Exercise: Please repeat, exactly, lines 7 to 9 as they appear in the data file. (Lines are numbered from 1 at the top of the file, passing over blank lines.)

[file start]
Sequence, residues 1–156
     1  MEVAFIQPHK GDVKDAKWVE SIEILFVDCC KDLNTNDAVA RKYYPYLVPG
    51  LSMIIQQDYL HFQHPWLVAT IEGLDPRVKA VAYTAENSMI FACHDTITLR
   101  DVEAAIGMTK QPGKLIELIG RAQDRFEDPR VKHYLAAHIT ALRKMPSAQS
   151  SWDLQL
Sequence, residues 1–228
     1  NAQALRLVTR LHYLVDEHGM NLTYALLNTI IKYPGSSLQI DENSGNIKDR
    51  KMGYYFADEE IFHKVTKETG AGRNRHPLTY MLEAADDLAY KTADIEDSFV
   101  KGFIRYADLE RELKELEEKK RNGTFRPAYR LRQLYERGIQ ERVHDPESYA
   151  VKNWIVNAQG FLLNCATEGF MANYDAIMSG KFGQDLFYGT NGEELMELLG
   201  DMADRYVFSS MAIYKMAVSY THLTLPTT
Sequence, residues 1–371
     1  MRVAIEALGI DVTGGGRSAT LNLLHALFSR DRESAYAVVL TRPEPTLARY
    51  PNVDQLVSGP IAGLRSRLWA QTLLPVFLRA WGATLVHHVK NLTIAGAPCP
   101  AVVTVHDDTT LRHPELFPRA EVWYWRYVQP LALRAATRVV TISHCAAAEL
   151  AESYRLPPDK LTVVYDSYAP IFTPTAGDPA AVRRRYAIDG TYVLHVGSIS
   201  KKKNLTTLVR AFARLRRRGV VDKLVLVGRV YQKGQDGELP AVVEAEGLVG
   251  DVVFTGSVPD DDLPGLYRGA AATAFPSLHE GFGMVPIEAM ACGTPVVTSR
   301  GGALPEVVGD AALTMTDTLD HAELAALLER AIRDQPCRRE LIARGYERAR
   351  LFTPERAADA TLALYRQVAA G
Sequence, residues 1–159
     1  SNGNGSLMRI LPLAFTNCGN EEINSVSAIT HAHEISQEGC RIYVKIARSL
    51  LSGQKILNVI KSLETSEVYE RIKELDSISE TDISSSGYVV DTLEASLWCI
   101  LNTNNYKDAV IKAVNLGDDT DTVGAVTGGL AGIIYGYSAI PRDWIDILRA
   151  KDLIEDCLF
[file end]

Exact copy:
     1  NAQALRLVTR LHYLVDEHGM NLTYALLNTI IKYPGSSLQI DENSGNIKDR
    51  KMGYYFADEE IFHKVTKETG AGRNRHPLTY MLEAADDLAY KTADIEDSFV
   101  KGFIRYADLE RELKELEEKK RNGTFRPAYR LRQLYERGIQ ERVHDPESYA